Unfortunately, like everyone, he had his weaknesses. He strongly supported the rounding up of Japanese-Americans into concentration camps in 1942 and talked publicly about his worries of a “Japanese fifth column.” And in fact, Marcantonio’s position on World War II shifted with the Communist Party. He helped found American Peace Mobilization to keep the U.S. out of the war after Hitler and Stalin made their infamous pact and then instantly became a huge war supporter after the Nazi invasion of the USSR. This constant flip-flopping on many issues probably did more to undermine communist support with rank and file workers than anything else they did. It’s not as if other people couldn’t see what was happening.
Of course, Marcantonio got caught up in anti-communist politics after World War II. The FBI investigated his connections. He ran for mayor of New York in 1949 but lost. Marcantonio served in Congress until 1951. What finally did him in was his vote against participation in the Korean War. That was certainly a brave stance in 1950, but even in East Harlem, that opened him up to attack. James Donovan won support of both Democrats and Republicans to take him out. Yet even to the end, Marcantonio was a vocal supporter of leftist causes, not compromising with anti-black racists. In 1947, Adam Clayton Powell offered an amendment to a bill that would have desegregated public facilities in Washington, DC. Of course, southern legislators claimed it would lead to race riots. Marcantonio spoke in support of the amendment:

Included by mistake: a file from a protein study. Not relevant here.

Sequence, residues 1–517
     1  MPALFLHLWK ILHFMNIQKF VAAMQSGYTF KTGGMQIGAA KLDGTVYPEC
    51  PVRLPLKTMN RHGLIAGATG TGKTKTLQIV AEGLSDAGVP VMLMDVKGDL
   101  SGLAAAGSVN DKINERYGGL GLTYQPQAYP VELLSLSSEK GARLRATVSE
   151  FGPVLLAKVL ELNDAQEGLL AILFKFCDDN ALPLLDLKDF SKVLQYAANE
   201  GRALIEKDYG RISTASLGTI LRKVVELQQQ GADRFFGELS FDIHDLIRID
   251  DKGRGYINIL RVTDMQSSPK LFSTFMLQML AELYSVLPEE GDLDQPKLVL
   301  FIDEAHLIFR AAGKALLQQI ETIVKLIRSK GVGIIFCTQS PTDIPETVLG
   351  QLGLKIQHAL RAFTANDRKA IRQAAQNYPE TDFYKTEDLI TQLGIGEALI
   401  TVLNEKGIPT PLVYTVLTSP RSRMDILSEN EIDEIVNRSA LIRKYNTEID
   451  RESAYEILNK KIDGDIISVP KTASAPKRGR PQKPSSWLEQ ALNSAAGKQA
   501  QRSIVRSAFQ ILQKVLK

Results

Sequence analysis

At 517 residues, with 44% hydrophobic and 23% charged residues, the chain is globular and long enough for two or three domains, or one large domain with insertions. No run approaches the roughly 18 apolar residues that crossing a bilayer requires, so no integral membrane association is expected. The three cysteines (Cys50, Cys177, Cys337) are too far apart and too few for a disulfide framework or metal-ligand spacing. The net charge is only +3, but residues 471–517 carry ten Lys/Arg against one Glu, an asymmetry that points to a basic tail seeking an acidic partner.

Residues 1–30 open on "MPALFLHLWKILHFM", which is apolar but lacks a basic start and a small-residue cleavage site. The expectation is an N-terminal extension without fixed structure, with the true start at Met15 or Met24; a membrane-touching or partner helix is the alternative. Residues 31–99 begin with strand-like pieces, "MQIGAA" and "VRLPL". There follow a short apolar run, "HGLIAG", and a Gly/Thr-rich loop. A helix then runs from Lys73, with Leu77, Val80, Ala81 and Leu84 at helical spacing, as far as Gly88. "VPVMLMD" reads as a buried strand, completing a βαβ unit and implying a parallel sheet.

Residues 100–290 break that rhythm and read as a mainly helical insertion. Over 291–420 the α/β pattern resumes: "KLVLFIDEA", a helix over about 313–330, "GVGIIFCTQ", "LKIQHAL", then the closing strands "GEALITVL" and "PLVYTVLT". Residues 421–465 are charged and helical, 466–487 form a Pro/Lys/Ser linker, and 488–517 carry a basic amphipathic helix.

Now we hear the same cry…in respect to a simple request that this Congress rise up to the dignity of the nation—the dignity the world expects us to rise up to, of practicing the fundamental precepts of Democracy for which men died, both black and white….This is Washington which many would make the Capital of the world. Are we going to hesitate to remove from the Capital of the United States the blot of discrimination and segregation?
He also led the fight against the odious Taft-Hartley Act in 1947, forcing a full reading of the entire 69 pages of legislation to give people time to lobby their congresscritters in opposition to the bill. This didn’t work of course and managed to get Marcantonio lambasted in the media as a communist. But he didn’t care about that.
After his defeat, the American Labor Party basically fell apart. Marcantonio went back to his law practice. He had never given that up and had funded his own campaigns through it. He was ready to get back into politics and was preparing a 1954 run on the newly formed Good Neighbor Party ticket. Unlikely he would have won given the politics of the time, but certainly he was a serious contender. But while walking up the steps out of the subway, he had a massive heart attack and died, only 51 years old.
Vito Marcantonio is buried in Woodlawn Cemetery, Bronx, New York.
If you would like to help this series continue, you can donate to cover the necessary expenses here. I just used some of your donations for a big trip that included visiting 35 graves, many of whom are some of the most odious people in this nation’s history, as well as a few great people. These will be fun to write up and I thank you for making it happen. Previous posts in this series are archived here.